The award-winning research projects:

  • Evan D’Alessandro – Research Assistant Professor of Marine Biology & Ecology, “Re-constructing movement patterns and habitat usage of invasive lionfish using micro-chemistry and stable isotope signatures in their otoliths.”
  • Danielle McDonald – Associate Professor of Marine Biology & Ecology, “Chemical communication in toadfish for the purpose of predator avoidance.”
  • Larry Peterson – Professor of Marine Geosciences, “A High Resolution Investigation of Variability in the East Asian Monsoon from Sea of Japan Sediments.”

Amel Saied Honored With Staff Appreciation Award

Amel SaiedUM Rosenstiel School’s Amel Saied is a recipient of the 2015 Linda Sher-Collado Memorial Staff Appreciation Award. This award is bestowed upon a select group of outstanding administrative and support staff members by the UM Graduate Student Association executive board in honor of Linda Sher-Collado, a longtime reservationist at the University Center/Student Activities Center who was beloved by students and the community.

Saied, a research associate in the UM Rosenstiel School’s department of marine geosciences, was nominated by graduate students for her commitment to the school.

Accolades from her graduate student nominators:

“one of the cornerstones, a pillar of the RSMAS community”

“She has shown leadership by leading the RSMAS section of the Corporate Runs and her compassion for others by hosting monthly breakfasts for all… participating in group events ranging from soccer to beach cleanups”

“I don’t know how many times she has either stayed late or came in over the weekend to help students in the lab. She’s even given me snacks when it’s getting late and I’m still working because she knows that it will be a while before I can eat dinner. She really looks out for all the students she works with and helps them succeed with their research endeavors.”

This award showcases UM staff that continue Linda’s spirit of student support and building a better U.

Xaymara Serrano Awarded 2015 Ford Foundation Fellowship

Xaymara_SerranoUM Rosenstiel School Postdoctoral Associate Xaymara Serrano was recently awarded one of 18 Ford Foundation Postdoctoral Fellowships given in 2015 nationwide.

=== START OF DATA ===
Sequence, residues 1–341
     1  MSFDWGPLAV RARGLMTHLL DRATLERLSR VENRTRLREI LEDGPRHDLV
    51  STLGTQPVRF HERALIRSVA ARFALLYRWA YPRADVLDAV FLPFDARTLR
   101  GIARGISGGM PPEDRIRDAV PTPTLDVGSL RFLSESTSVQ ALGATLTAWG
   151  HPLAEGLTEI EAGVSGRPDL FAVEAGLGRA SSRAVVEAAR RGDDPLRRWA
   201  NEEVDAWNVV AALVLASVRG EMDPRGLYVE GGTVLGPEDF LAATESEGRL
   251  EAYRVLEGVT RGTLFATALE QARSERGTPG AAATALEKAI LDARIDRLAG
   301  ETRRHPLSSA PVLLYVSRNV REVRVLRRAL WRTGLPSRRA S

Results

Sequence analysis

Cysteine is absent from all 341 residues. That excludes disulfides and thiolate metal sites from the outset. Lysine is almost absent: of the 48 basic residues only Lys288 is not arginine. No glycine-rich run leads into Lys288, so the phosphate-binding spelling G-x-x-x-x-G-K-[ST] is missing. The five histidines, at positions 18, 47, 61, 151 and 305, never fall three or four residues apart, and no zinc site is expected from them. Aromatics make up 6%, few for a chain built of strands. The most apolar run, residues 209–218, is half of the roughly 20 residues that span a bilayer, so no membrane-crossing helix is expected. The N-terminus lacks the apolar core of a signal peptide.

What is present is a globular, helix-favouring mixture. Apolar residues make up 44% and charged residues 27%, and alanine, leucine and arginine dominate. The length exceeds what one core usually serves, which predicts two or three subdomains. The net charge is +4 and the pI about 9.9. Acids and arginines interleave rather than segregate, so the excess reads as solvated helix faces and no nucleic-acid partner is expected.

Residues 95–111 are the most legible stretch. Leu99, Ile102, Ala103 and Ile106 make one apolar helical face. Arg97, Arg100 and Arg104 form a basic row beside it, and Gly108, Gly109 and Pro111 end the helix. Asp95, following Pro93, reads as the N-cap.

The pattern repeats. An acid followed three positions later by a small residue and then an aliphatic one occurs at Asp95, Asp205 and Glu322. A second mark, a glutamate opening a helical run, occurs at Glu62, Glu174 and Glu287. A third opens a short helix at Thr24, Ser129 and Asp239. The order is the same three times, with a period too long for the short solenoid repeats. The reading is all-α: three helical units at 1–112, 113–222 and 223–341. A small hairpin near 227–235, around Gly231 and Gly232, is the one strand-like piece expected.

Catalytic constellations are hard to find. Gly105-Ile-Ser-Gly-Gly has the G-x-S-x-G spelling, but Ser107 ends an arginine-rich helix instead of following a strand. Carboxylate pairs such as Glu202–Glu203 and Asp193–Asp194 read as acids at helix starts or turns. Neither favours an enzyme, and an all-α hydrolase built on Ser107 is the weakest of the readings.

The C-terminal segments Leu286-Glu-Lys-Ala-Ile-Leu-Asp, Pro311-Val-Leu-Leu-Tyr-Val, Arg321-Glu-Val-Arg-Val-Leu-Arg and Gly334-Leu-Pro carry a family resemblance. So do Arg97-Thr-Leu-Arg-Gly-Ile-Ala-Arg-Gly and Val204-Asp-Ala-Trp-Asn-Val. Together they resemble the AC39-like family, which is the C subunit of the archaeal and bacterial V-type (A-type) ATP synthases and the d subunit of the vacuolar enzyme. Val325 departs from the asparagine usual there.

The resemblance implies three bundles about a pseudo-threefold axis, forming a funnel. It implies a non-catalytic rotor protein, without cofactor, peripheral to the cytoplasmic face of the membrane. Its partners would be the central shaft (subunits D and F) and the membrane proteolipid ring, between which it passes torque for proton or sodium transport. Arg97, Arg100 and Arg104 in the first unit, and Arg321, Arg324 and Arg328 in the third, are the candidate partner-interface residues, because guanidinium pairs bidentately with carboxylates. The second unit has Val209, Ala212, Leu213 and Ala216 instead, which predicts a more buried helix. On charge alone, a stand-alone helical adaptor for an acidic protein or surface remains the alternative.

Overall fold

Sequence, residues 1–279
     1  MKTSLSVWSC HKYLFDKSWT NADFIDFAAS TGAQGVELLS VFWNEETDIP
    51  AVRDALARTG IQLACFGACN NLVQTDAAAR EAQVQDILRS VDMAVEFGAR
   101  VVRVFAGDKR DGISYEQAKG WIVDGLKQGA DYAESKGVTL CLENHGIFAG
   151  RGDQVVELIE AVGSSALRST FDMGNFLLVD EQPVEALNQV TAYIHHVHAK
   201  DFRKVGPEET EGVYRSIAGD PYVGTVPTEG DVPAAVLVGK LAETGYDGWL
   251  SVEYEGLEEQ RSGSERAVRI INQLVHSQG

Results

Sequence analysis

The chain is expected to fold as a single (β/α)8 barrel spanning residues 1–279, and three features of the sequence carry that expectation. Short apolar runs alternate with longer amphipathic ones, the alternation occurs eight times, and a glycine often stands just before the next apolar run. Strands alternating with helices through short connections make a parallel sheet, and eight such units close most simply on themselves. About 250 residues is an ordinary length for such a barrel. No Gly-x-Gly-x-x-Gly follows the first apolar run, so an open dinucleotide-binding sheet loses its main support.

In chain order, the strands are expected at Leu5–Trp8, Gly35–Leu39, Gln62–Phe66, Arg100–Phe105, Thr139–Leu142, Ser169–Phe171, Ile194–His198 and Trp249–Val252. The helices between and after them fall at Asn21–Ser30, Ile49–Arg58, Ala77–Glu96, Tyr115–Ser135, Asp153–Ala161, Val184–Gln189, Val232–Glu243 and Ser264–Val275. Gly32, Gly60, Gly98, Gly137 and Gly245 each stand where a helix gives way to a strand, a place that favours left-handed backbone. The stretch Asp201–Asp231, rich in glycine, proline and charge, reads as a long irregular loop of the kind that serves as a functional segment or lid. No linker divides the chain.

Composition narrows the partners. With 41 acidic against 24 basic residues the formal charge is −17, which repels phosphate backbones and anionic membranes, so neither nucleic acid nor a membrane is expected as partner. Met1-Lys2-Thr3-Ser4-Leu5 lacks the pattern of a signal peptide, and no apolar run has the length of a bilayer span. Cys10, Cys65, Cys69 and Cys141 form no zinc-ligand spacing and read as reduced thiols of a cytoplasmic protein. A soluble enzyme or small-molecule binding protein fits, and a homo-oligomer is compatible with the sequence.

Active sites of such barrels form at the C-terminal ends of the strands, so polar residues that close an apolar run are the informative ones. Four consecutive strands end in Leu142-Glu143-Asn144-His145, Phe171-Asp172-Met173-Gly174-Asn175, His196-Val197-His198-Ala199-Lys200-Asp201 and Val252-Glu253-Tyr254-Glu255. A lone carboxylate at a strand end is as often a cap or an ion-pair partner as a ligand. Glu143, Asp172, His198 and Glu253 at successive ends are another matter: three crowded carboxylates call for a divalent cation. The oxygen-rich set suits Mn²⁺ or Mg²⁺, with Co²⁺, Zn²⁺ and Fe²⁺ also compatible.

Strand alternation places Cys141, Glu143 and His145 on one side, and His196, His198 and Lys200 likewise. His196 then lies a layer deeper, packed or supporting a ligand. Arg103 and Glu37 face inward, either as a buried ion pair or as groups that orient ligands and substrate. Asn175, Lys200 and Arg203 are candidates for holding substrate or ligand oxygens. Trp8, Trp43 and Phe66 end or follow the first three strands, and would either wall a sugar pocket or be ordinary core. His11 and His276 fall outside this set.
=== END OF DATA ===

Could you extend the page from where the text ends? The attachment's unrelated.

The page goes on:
These postdoctoral fellowships are awarded in a national competition administered by the National Research Council (NRC) to individuals who, in the judgment of the review panels, have demonstrated superior academic achievement, are committed to a career in teaching and research, show promise of future achievement as scholars and teachers, and are well prepared to use diversity as a resource for enriching the education of all students.

Xaymara plans to use these funds to support another year of her postdoctoral research at NOAA’s Atlantic and Oceanographic Meteorological Laboratory to investigate coral reef responses to climate change and land-based sources of pollution.

CARTHE, Waterlust Team Wins Top Prize in Video Challenge

A team of scientists and filmmakers at the Rosenstiel School won top prize in the Ocean 180 Challenge for their video “Drones on the Beach” and placed in the top 10 for their video about ocean currents, “Bob the Drifter.”

Watch the award-winning video:

To read the corresponding science publication on drone technology used in oil spill research, click here.

The videos were created by the Waterlust team, which includes Ph.D. student Patrick Rynne and alumna Fiona Graham and Jennah Caster. Both videos were based on CARTHE ((Consortium for Advanced Research on the Transport of Hydrocarbon in the Environment) research. CARTHE is a Gulf of Mexico Research Initiative consortia based at the Rosenstiel School.

37,795 middle school students judges in over 1,600 classrooms in 21 countries selected the top entries. These students were responsible for critiquing and evaluating the finalists based on their creativity, message, and educational value.

Watch “Bob the Drifter”

The Florida Center for Ocean Sciences Education Excellence (COSEE Florida) hosts the annual Ocean 180 Video Challenge, which aims to engage non-scientists and students in timely and relevant ocean science research while inspiring scientists to effectively share their discoveries and excitement for research with the public. For more on the Ocean 180 video Challenge, click here.

CARTHE, Waterlust team

CARTHE, Waterlust team

Rescue a Reef Update

130813_112247_054_CoralRestoration Coral reef with out planted stag horn corals.

It’s been over 2 years since Dr. Diego Lirman’s Benthic Ecology Lab at RSMAS began outplanting nursery reared staghorn corals (Acropora cervicornis) to degraded reefs as part of one of the largest Acropora restoration projects along the Florida Reef Tract. Today, those corals are making a significant impact on the structure and function of Miami’s reefs.